-This tutorial should help you to train the necessary steps to create a C model. By the way you have seen
-how to create your own type system for a real embedded project. An additional aspect was to show how
-simple it is to separate different aspects of the required functionality by the use of actors and
-protocols and make them reusable.
+\chapter{Tutorial Remove C-Comment ( C )}
+
+\section{Scope}
+
+In this tutorial you will create a more complex model. The model implements a simple parser that removes
+comments (block comments and line comments) from a C source file. Therefore we will create two actors. One
+actor is responsible to perform the file operations, while the second actor implements the parser.
+
+You will perform the following steps:
+
+\begin{enumerate}
+\item create a new model from scratch for C
+\item define a protocol
+\item define your own data type
+\item create the structure and the behavior by yourself
+\item generate, build and run the model
+\end{enumerate}
+
+Make sure that you have set up the workspace as described in \textit{Setting up the Workspace for C
+Projects}.
+
+\section{Create a new model from scratch}
+
+Remember the following steps from the previous tutorials:
+\begin{itemize}
+\item select the \textit{C/C++} perspective
+\item From the main menue select \textit{File->New->C Project}
+\item Name the project \textit{RemoveComment}
+\item Project type is \textit{Executable / Empty C Project}
+\item Toolchain is \textit{MinGW}
+\item Add the folder \textit{model}
+\item Add the model file and name it \textit{RemoveComment.room}
+\item Add the Xtext nature.
+\end{itemize}
+
+The workspace should look like this:
+
+\includegraphics{images/036-RemoveCommentC01.png}
+% !images/036-RemoveCommentC01.png!
+
+Create a launch configuration for the C generator and add the include path and library as described in
+\textit{HelloWorldC}.
+
+The workspace should look like this:
+
+\includegraphics{images/036-RemoveCommentC02.png}
+% !images/036-RemoveCommentC02.png!
+
+Now the model is created and all settings for the code generator, compiler and linker are done.
+
+
+\section{Create your own data type}
+
+The planed application should read a C source file and remove the comments. Therefore we need a file
+descriptor which is not part of the basic C types. The type for the file descriptor for MinGW is
+\textit{FILE}. To make this type available on the model level, you have to declare the type.
+
+Open the file \textit{Types.room} from \textit{org.eclipse.modellib.c} and take a look at the declaration
+of \textit{string} (last line) which is not a basic C type.
+
+\textit{PrimitiveType string:ptCharacter -> charPtr default "0"}
+
+With this declaration, you make the \textit{string} keyword available on model level as a primitive type.
+This type will be translated to \textit{charPtr} in your C sources. \textit{charPtr} is defined in
+\textit{etDatatypes.h}. This header file is platform specific (\textit{generic}). With this mechanism you
+can define your own type system on model level and map the model types to specific target/platform types.
+
+To not interfere with other models, we will declare the type direct in the model.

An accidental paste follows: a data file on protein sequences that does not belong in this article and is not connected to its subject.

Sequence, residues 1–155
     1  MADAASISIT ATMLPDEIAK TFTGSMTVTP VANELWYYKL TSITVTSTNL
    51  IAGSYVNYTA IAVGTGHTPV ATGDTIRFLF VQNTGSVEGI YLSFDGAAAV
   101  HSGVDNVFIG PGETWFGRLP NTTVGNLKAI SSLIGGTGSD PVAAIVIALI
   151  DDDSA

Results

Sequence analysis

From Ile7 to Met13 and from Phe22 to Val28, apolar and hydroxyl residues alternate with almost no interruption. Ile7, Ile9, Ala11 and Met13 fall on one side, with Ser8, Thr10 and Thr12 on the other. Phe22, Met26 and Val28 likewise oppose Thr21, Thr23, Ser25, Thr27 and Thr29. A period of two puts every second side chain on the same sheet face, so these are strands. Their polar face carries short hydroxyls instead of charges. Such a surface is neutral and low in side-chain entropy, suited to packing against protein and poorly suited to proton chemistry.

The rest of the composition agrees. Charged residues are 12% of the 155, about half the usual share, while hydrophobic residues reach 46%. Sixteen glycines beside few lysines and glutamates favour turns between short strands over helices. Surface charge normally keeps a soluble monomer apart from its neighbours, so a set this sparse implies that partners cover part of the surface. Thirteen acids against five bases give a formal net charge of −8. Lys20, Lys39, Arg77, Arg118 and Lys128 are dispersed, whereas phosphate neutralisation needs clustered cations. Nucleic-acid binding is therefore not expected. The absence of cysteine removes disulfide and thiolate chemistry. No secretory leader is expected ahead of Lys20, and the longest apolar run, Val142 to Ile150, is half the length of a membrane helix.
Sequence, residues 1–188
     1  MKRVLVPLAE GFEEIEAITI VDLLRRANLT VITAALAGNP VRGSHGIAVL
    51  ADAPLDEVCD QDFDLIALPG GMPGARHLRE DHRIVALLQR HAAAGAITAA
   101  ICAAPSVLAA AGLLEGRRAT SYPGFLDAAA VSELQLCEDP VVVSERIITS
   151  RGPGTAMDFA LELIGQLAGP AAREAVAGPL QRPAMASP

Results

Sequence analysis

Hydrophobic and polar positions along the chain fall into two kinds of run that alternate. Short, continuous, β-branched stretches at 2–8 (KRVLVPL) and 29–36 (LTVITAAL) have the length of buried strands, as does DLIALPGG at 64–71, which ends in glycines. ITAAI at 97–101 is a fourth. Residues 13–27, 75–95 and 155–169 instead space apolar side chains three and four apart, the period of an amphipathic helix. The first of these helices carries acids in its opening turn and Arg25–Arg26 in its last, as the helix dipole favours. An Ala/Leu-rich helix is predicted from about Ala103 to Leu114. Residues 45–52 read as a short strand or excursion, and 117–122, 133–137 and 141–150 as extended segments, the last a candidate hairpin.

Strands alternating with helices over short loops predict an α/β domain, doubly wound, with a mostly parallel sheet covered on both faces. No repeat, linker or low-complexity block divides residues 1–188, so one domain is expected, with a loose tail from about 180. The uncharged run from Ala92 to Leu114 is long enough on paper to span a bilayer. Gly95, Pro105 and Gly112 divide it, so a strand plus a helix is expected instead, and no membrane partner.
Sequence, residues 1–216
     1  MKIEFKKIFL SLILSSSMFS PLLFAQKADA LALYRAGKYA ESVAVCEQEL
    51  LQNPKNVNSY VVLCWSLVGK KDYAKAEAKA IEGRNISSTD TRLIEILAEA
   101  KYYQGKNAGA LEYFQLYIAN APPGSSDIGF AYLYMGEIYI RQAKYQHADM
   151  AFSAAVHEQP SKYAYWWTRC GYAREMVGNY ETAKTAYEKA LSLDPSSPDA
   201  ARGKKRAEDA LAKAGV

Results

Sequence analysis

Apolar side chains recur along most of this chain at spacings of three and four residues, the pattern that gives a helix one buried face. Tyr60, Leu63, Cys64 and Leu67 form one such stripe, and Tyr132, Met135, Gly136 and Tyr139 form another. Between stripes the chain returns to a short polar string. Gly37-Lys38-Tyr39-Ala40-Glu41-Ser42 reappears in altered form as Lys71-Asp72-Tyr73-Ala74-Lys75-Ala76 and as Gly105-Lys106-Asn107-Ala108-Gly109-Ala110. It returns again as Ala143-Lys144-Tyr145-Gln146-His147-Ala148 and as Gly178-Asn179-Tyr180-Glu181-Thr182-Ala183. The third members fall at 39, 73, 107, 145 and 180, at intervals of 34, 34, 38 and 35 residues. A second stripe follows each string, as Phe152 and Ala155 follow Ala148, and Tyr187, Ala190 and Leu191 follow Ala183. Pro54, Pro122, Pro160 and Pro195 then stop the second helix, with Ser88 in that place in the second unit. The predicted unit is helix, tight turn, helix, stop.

+Add the following line to your model:
+
+\begin{small}
+\begin{verbatim}
+RoomModel RemoveComment {
+ import room.basic.types.* from
+ "../../../org.eclipse.etrice.modellib.c/model/Types.room"
+
+ PrimitiveType file:ptInteger -> FILE default "0"
+\end{verbatim}
+\end{small}
+
+\textit{FILE} is the native type for MinGW. Therefore you don't need a mapping within
+\textit{etDatatypes.h}. If your model should be portable across different platforms you should not take
+this shortcut.
+
+\section{Create the model}
+
+Due to the former tutorials you should be familiar with the steps to create the model with protocols,
+actors and state machines.
+
+The basic idea of the exercise is to create a file reader actor, which is responsible to open, close and
+read characters from the source file. Another actor receives the characters and filters the comments
+(parser). The remaining characters (pure source code) should be print out.
+
+Remember the logical steps:
+\begin{itemize}
+\item create the model by the help of content assist (CTRL Space)
+\item name the model, subsystem and top level actor
+\item define the protocol (in this case it should be able to send a char, and to request the next char
+from the file reader)
+\item create the structure (file reader and parser with an appropriate port, create the references and
+connect the ports)
+\item create the state machines
+\end{itemize}
+
+Try to create the model by yourself and take the following solution as an example.
+
+Structure:
+
+\includegraphics[width=0.8\textwidth]{images/036-RemoveCommentC04.png}
+% !images/036-RemoveCommentC04.png!
+
+File reader FSM:
+
+\includegraphics[width=0.8\textwidth]{images/036-RemoveCommentC05.png}
+% !images/036-RemoveCommentC05.png!
+
+Parser FSM:
+
+\includegraphics[width=0.8\textwidth]{images/036-RemoveCommentC06.png}
+% !images/036-RemoveCommentC06.png!
+
+The complete model can be found in \textit{org.eclipse.etrice.tutorials.c}
+
+Take a look at the file attribute of the file reader.
+
+\begin{verbatim}
+Attribute f:file ref
+\end{verbatim}
+
+\textit{fopen} expects a \textit{FILE *}. \textit{f:file ref} declares a variable \textit{f} from type
+reference to \textit{file}, which is a pointer to \textit{FILE}.
+
+
+\section{Generate, build and run the model}
+
+Before you can run the model you should copy one of the generated C source files into the project folder
+and name it \textit{test.txt}.
+
+\includegraphics{images/036-RemoveCommentC07.png}
+% !images/036-RemoveCommentC07.png!
+
+Generate, build and run the model.
+
+Your output should start like this:
+
+\includegraphics[width=0.8\textwidth]{images/036-RemoveCommentC08.png}
+% !images/036-RemoveCommentC08.png!
+
+
+\section{Summary}
+
+This tutorial should help you to train the necessary steps to create a C model. By the way you have seen
+how to create your own type system for a real embedded project. An additional aspect was to show how
+simple it is to separate different aspects of the required functionality by the use of actors and
+protocols and make them reusable.

Back to the top